We reprint the translation of the now famous letter he wrote fifty years ago to von Neumann which was rediscovered in 1988. This letter describes something close to the P versus NP problem years before the field Computational Complexity even had its name. SIGACT and EATCS jointly sponsor a prize named after Gödel because of the letter.
Princeton, 20 March 1956
Dear Mr. von Neumann:
With the greatest sorrow I have learned of your illness. The news came to me as quite unexpected. Morgenstern already last summer told me of a bout of weakness you once had, but at that time he thought that this was not of any greater significance. As I hear, in the last months you have undergone a radical treatment and I am happy that this treatment was successful as desired, and that you are now doing better. I hope and wish for you that your condition will soon improve even more and that the newest medical discoveries, if possible, will lead to a complete recovery.
Since you now, as I hear, are feeling stronger, I would like to allow myself to write you about a mathematical problem, of which your opinion would very much interest me: One can obviously easily construct a Turing machine, which for every formula F in first order predicate logic and every natural number n, allows one to decide if there is a proof of F of length n (length = number of symbols). Let ψ(F,n) be the number of steps the machine requires for this and let φ(n) = maxF ψ(F,n). The question is how fast φ(n) grows for an optimal machine. One can show that φ(n) ≥ k ⋅ n. If there really were a machine with φ(n) ∼ k ⋅ n (or even ∼ k ⋅ n2), this would have consequences of the greatest importance. Namely, it would obviously mean that in spite of the undecidability of the Entscheidungsproblem, the mental work of a mathematician concerning Yes-or-No questions could be completely replaced by a machine. After all, one would simply have to choose the natural number n so large that when the machine does not deliver a result, it makes no sense to think more about the problem. Now it seems to me, however, to be completely within the realm of possibility that φ(n) grows that slowly. Since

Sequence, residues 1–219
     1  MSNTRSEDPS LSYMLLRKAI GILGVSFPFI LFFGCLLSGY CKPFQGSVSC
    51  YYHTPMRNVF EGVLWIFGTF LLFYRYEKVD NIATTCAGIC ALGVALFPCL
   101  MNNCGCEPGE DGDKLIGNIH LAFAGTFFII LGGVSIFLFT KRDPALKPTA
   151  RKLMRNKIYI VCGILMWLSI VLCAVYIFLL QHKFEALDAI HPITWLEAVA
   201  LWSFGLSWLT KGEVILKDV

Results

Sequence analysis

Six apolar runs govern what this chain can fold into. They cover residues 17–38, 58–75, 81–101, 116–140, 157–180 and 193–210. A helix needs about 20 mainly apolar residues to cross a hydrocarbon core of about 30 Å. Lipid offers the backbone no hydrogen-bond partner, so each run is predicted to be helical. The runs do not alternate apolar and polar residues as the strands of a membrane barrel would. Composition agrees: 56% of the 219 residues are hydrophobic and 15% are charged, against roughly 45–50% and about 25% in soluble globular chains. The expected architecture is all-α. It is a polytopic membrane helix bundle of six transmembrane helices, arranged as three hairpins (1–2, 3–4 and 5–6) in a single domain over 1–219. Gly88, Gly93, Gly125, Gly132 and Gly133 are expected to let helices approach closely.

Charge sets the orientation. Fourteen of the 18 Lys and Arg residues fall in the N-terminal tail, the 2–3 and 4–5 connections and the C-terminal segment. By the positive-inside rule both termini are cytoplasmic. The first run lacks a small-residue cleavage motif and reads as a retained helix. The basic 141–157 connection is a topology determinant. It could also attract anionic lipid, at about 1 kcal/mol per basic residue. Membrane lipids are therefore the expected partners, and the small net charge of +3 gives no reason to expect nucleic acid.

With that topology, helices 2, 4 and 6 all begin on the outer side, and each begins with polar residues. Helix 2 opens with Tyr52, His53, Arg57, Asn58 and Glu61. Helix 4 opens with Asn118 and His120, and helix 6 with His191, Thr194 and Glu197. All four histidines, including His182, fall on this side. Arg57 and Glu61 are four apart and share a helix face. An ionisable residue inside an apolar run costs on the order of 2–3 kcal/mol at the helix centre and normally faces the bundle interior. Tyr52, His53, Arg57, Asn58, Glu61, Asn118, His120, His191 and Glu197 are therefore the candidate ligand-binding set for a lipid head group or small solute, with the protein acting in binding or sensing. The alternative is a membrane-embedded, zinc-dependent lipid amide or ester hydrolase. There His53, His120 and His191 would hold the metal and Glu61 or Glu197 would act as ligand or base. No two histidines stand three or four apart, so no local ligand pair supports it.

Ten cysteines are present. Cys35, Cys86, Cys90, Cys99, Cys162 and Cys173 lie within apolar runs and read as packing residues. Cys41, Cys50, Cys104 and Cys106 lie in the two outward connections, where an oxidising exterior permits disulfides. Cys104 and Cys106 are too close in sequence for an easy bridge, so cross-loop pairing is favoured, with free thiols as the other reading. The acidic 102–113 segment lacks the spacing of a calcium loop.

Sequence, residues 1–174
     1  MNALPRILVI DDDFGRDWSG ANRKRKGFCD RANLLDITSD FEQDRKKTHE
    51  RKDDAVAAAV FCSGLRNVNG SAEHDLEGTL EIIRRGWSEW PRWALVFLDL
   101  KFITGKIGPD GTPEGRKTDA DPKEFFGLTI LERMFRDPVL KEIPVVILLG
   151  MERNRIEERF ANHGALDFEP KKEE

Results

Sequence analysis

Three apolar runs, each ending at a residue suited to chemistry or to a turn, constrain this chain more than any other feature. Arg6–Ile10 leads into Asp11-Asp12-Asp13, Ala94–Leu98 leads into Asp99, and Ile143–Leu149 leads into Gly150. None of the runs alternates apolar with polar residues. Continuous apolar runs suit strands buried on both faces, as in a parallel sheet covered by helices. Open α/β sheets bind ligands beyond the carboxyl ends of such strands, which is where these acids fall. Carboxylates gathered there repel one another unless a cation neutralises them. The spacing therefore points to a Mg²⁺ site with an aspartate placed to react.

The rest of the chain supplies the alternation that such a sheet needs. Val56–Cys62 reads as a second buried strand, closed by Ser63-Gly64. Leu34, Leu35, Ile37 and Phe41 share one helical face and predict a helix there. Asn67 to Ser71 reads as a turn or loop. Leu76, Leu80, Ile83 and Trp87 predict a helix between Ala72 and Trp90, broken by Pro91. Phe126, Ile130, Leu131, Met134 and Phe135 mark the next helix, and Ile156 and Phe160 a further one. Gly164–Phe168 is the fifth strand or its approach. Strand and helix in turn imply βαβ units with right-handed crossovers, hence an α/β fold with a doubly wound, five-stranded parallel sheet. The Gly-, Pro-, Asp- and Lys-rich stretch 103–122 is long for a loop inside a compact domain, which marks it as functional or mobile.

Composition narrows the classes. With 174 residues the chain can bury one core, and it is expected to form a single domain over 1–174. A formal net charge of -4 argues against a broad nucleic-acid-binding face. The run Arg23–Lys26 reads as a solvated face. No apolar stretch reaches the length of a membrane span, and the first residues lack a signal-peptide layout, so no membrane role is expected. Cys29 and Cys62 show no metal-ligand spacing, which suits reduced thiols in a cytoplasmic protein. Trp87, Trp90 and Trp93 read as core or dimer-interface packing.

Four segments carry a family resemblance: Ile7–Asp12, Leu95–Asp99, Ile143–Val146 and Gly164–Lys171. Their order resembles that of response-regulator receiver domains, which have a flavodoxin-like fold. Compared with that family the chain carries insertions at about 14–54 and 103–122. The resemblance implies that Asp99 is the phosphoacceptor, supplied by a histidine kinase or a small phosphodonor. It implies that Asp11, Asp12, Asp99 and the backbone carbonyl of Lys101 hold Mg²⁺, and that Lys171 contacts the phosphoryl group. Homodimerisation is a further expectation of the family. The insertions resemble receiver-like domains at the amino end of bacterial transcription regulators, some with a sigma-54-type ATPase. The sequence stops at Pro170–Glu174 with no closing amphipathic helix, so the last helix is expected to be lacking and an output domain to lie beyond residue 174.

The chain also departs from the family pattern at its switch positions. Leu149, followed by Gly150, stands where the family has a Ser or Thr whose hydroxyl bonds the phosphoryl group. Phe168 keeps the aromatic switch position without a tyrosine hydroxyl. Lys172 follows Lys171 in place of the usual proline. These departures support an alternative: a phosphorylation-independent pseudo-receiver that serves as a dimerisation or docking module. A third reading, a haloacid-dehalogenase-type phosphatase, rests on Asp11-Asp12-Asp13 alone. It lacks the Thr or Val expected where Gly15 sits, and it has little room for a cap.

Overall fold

- it seems that φ(n) ≥ k ⋅ n is the only estimation which one can obtain by a generalization of the proof of the undecidability of the Entscheidungsproblem and
- after all φ(n) ∼ k ⋅ n (or ∼ k ⋅ n2) only means that the number of steps as opposed to trial and error can be reduced from N to log N (or (log N)2).
I do not know if you have heard that "Post's problem", whether there are degrees of unsolvability among problems of the form (∃ y) φ(y,x), where φ is recursive, has been solved in the positive sense by a very young man by the name of Richard Friedberg. The solution is very elegant. Unfortunately, Friedberg does not intend to study mathematics, but rather medicine (apparently under the influence of his father). By the way, what do you think of the attempts to build the foundations of analysis on ramified type theory, which have recently gained momentum? You are probably aware that Paul Lorenzen has pushed ahead with this approach to the theory of Lebesgue measure. However, I believe that in important parts of analysis non-eliminable impredicative proof methods do appear.
I would be very happy to hear something from you personally. Please let me know if there is something that I can do for you. With my best greetings and wishes, as well to your wife,
P.S. I heartily congratulate you on the award that the American government has given to you.
[The text is taken from this page where you can also find the original German text and acknowledgments. John von Neumann, who received the Presidential Medal of Freedom in 1956, had cancer at the time of the letter and passed away in 1957.]